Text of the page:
In conclusion, Campolo invoked a “passage which interestingly enough the U.S. Congress in its founding, established as its national verse – there is a verse that is supposed to stand for America but it’s not a verse we want to here right now.” He then quoted 2 Chronicles Chapter 7 verse 14: “If my people, who are called by my name, will humble themselves and pray and seek my face and turn from their wicked ways, then I will hear from heaven, and I will forgive their sin and will heal their land.” This scripture is usually used by Christians to call for repentance to Biblical values, however in this case Campolo seems to use it to call for political action in the name of social justice. “Let me say it loud and clear, we here at Eastern University, student and faculty alike including me, have become bystanders in the midst of a revolution and we pretend that we’re innocent – but bystanders are never innocent!” Campolo declared, ending with a call for action: “To not act, to not be involved, to not be involved in doing the things to solve the problem will prevent you from understanding the problem, you need to go back to your political science classrooms and ask ‘what can we do?’”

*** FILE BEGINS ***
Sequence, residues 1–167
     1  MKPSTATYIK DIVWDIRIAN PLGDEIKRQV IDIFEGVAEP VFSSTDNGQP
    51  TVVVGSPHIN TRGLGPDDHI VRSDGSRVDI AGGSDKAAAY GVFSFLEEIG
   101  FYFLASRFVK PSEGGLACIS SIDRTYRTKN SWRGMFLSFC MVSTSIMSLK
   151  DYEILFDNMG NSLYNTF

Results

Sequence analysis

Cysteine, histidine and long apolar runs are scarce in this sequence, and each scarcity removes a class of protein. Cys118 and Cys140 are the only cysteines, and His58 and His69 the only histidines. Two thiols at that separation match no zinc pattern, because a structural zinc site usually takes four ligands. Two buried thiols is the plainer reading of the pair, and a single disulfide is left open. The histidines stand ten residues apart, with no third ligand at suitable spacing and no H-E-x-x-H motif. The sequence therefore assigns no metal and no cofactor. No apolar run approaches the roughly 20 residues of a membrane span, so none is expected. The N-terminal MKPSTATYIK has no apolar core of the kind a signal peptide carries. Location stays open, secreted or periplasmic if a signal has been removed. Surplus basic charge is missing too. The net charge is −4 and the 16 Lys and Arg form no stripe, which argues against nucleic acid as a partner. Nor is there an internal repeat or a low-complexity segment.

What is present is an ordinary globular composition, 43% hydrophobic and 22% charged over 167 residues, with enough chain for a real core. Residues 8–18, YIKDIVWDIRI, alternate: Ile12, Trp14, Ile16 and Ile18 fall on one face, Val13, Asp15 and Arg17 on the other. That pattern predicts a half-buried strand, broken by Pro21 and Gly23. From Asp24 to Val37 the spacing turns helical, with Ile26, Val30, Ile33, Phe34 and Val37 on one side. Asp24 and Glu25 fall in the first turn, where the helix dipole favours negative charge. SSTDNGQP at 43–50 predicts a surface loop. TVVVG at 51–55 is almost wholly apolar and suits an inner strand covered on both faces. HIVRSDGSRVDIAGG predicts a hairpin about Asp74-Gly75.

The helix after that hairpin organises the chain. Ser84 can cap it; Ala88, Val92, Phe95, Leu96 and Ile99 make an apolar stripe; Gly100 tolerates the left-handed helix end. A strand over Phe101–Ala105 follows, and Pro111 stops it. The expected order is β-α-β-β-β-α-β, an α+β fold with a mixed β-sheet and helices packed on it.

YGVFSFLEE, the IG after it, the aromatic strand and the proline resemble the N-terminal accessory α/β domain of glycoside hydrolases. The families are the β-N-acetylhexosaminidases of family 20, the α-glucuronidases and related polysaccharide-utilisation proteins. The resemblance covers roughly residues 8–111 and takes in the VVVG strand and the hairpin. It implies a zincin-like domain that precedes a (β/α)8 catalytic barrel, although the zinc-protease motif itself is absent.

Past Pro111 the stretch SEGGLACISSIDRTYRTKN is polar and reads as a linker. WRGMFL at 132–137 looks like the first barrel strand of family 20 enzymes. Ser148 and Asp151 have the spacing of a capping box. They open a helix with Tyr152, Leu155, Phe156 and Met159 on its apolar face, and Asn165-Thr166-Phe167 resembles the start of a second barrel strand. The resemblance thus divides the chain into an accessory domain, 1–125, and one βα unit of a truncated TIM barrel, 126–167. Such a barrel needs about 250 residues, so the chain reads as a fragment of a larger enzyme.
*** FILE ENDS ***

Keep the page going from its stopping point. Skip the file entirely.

To view Campolo’s chapel address in its entirely, visit the Eastern University web site by clicking here.

15 Responses to Tony Campolo Slams USA at “Social Justice Day” Chapel

  1. L says:

    May God help us if even the Baptists have become liberal. I disagree that we can categorize liberal Christians as “evangelicals” since that term means those who take the Bible literally, not figuratively, believing it is the inerrant Word of God. It is quite evident that Campolo is liberal and touts liberal views. The photo alone is evidence that he does not take the Bible as inerrant.